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Biometrics growth collides with overall market conditions in potential blockbuster deals

Biometrics growth collides with overall market conditions in potential blockbuster deals

Biometrics M&A activity and rumor stole the top headlines of the week on Biometric Update, with Idemia’s prospective sale set to launch, talks beginning between GBG and a possible buyer, and a deal completed by Assa Abloy to acquire Brazilian facial recognition Control iD. Australia’s big banks lining up behind eftpos’ digital identity platform was also a widely-read story, and Experian won two government contracts to contribute to digital ID infrastructure.

Top biometrics news of the week

Idemia could be sold this year, possibly as one company providing biometrics and digital ID technology and another serving the multinational’s other markets. General market conditions appear to be less than ideal, but the sale launch by venture capital owner Advent is reportedly imminent.

A U.S. private equity firm has also confirmed interest in acquiring GBG in a potential $1.5 billion deal, with exchange rates boosting the buyer side of the equation for the UK company. The company’s stock has been on a roller-coaster ride that seems more related to outside forces than its own activity. In a similar vein but for a different reason, Mitek is being discounted by investors to an unreasonable extent, a Forbes analyst argues, pointing to the future gains its HooYu acquisition sets up.

Brazilian biometrics developer Control iD has been acquired by Assa Abloy for an undisclosed price to boost the global access control giant’s time and attendance-tracking capabilities. Facial recognition is also being used successfully for access control at an Israeli hospital, thanks to Oosto, a visitor management system has been upgraded by Precise Biometrics, Safr has a new ANZ distributor, and Genetec has been named the fastest-growing company in the space by a market research firm.

Australia’s four biggest banks have all signed up to support eftpos’ ConnectID as a digital identity for access to banking and other online services. The system is intended to make digital transactions more secure, as well as easier. Customer trials are planned for later this year, with a full-scale launch midway through 2023.

A pair of UK government contracts won by Experian and potentially worth more than $12.5 million combined will see the company provide authentication software, fraud prevention technology, PEP and sanctions checks, and email and phone number validation for the country’s digital ID system. The UK is also getting a new digital identity verification system for people registering businesses, and a digital property market system.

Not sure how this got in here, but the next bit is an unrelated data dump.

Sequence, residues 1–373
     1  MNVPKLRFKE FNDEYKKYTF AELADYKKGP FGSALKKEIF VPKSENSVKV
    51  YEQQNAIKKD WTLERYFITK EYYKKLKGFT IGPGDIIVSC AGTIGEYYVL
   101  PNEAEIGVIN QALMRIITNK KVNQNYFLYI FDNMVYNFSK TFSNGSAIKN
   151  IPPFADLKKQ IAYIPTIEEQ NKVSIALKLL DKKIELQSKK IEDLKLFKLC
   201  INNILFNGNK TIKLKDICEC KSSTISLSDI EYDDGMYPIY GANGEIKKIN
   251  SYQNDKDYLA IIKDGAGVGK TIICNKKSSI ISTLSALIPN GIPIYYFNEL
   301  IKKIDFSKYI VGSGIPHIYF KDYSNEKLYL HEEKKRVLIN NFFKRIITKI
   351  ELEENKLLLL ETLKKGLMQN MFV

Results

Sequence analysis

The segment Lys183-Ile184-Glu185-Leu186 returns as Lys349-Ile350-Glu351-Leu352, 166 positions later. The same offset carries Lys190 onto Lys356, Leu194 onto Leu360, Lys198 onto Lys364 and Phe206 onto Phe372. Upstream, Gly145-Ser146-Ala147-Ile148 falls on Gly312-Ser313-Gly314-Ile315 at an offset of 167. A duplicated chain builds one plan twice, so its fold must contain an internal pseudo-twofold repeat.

The ’Buy Now, Pay Later’ segment of the ecommerce market is growing rapidly, and so is the attention it is paid by fraudsters. Seon Product Evangelist Gergo Varga writes in a Biometric Update guest post that synthetic identity attacks against BNPL sites are easier to get away with, account takeovers are also too common, and vulnerable vendors need to compliment liveness and biometric checks with real-time risk assessments and other frictionless technologies.

Age verification providers in the UK are warning the ICO against following in the footsteps of French and German regulators, who they say have invited resistance by targeting only high-profile adult websites for enforcement. OneID is the latest technology provider accredited for age verification by the national certification scheme, meanwhile.

IARPA’s Briar program has recruited 900 volunteers to test technologies for long-distance biometric identification. The plan is to be able to identify people 1,000 feet away from the ground or the air, and Polaris is working on facial recognition to identify people in the dark from a distance of 1,600 feet.

Human Rights Watch has long opposed facial recognition and expressed reservations about digital IDs, but an interview with Maya Wang in the Bulletin of the Atomic Scientists makes clear that cell phones and database integrations are among the main tools of the Integrated Joint Operations Platform. The IJOP is one of the main tools used by China’s government for mass surveillance in Xinjiang.

Decentralization is necessary to achieve the universal digital ID that can deliver the interoperability, privacy and convenience users want in digital experiences, Idex Biometrics CEO Vince Graziani writes in a guest post. The benefit to governments that move beyond centralized databases can include better quality, faster and less expensive service deliver, Graziani argues.

A pair of biometrics vulnerabilities were revealed this week, with Symantec identifying exposed AWS access token used by third-party software providers leaving hundreds of thousands of biometric templates exposed. In the other case a researcher has demonstrated how to steal biometric templates from smart home devices with a droplock hack.

Please let us know about any editorials, podcasts or other content that we should share with the people in biometrics and the digital identity community in the comments below or through social media.

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